Australia Excluded From Global Climate Talks as Policies Lag
Around 70 leaders including Boris Johnson and Emmanuel Macron will use a global climate summit this weekend.
(Bloomberg) -- Around 70 world leaders including China’s Xi Jinping and Pope Francis will use a global climate summit this weekend to outline new pledges to cut greenhouse-gas emissions. Australia’s Prime Minister Scott Morrison, who supports fossil fuels, will be conspicuously absent.
Morrison wasn’t invited to speak at the United Nations Climate Action Summit on Saturday because he hadn’t come up with an ambitious enough pledge, according to two people familiar with the matter. The summit marks the fifth anniversary of the Paris Agreement to limit global warming to well below 2 degrees Celsius -- a target which the world has yet to achieve.
The virtual summit will feature U.K. premier Boris Johnson and India’s Prime Minister Narendra Modi, as well as leaders from Canada, the European Union, Japan and Apple Inc.
As a prerequisite for speaking, leaders had to provide a guidance note setting out what they would announce. Recent months have seen major emitters including China, South Korea and Japan commit to stop polluting completely by 2060 or sooner. The European Union is debating a target to cut carbon emissions 55% or more by the end of the next decade.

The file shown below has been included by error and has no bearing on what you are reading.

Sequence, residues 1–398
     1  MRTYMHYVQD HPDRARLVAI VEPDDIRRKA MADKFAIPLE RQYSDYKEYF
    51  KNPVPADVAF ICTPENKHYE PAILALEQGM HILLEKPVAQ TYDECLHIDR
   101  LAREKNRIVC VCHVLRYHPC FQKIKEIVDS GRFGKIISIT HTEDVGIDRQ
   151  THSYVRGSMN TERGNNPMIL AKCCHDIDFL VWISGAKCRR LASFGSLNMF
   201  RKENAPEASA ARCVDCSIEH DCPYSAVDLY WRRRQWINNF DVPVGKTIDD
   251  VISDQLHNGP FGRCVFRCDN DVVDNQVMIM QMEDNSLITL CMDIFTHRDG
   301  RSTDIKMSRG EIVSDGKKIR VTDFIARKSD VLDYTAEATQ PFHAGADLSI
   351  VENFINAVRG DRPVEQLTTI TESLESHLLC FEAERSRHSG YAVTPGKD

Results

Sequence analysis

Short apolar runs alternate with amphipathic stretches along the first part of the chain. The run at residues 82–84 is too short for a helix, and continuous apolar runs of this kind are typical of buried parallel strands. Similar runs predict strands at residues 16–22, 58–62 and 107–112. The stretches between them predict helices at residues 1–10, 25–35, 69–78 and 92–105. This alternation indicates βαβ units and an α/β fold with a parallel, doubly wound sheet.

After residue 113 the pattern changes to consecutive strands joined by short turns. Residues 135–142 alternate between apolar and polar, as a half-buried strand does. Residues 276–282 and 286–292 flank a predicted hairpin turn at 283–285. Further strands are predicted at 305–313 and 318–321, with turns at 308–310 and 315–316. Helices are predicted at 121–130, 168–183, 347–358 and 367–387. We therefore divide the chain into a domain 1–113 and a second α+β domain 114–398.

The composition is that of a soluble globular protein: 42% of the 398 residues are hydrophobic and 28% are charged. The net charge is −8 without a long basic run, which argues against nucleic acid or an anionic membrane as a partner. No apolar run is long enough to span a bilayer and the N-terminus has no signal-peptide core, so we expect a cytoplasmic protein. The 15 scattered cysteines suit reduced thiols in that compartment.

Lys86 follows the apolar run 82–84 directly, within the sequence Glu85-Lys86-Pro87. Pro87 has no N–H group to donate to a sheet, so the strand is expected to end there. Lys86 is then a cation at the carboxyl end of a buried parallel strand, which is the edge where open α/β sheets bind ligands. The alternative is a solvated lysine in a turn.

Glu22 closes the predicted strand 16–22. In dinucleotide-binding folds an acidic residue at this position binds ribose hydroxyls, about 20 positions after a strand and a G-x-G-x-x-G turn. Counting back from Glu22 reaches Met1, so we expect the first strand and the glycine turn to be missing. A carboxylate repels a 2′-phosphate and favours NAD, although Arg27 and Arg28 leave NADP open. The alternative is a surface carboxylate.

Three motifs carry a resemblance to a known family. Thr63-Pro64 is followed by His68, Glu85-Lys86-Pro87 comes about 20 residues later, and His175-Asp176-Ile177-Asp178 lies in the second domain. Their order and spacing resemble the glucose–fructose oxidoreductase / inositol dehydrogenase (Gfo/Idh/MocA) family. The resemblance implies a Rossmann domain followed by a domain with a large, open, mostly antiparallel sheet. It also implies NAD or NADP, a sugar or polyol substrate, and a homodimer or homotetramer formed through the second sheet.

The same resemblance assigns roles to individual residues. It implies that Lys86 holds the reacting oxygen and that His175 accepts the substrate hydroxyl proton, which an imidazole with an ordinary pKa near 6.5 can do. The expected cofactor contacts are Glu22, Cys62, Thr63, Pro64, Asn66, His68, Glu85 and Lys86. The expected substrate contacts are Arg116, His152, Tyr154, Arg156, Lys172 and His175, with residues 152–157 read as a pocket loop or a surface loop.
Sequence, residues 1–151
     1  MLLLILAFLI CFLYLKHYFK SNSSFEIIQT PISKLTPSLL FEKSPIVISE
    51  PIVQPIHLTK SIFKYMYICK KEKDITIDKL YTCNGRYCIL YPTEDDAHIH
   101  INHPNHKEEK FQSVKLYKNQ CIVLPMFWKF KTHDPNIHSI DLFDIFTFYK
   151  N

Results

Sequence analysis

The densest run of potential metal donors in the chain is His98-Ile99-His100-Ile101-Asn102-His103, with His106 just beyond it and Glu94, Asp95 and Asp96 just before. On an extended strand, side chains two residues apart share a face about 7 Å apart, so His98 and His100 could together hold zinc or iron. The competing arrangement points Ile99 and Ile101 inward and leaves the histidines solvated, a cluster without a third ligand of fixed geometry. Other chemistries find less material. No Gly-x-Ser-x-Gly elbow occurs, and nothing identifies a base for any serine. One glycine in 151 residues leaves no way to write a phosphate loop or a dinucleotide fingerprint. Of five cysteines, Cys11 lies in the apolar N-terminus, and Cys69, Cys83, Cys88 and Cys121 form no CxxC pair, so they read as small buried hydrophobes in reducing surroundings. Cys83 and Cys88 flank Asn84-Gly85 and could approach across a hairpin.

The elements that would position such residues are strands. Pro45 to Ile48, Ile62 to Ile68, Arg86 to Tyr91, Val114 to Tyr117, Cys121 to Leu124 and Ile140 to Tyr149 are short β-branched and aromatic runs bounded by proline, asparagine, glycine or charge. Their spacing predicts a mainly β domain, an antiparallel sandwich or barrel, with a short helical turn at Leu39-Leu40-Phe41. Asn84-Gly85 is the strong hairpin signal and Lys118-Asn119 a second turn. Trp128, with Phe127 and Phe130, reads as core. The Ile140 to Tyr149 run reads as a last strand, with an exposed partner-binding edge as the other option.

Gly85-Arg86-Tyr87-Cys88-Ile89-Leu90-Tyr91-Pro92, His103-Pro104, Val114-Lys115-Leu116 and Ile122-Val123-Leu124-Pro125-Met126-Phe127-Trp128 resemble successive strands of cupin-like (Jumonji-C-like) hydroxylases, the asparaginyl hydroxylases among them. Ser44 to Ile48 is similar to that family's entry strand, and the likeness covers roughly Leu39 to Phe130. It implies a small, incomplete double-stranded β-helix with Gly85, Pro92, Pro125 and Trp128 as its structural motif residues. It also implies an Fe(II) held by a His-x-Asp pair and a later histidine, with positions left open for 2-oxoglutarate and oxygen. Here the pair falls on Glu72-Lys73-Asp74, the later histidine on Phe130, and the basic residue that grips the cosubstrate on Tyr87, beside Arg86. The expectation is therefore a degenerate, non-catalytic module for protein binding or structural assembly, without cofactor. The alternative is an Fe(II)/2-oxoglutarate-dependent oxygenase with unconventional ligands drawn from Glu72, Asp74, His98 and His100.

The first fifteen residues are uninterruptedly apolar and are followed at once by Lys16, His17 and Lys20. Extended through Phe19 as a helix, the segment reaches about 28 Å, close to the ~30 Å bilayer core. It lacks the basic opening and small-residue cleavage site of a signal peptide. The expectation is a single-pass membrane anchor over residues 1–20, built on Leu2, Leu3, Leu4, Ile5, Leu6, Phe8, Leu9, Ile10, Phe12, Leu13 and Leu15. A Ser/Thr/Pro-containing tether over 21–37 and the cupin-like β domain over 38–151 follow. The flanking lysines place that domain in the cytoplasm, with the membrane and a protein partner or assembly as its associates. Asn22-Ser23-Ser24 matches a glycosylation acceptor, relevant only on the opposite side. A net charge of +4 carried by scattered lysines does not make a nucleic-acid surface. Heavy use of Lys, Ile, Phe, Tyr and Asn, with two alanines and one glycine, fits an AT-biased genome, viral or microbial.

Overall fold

Notable in their absence from the list is Australia, Brazil, Saudi Arabia, Mexico, Turkey and Poland. The U.S. government will not be represented since current President Donald Trump has pulled out of the Paris deal, but the governors of Massachusetts and Michigan will be attending.
Morrison confirmed on Friday he wouldn’t be speaking at the event, telling reporters that “I wish them well for the summit.” Regarding his climate change commitments, he said: “What matters here is what you get done, not what you talk about. Australia’s getting it done.”
‘Correct the Mistruths’
Countries that don’t come forward with “concrete and ambitious” plans won’t be allowed to speak, U.K. Business Secretary Alok Sharma said last week. “What we’re not looking for is general commentary. We’re looking for very clear ambition and targets.”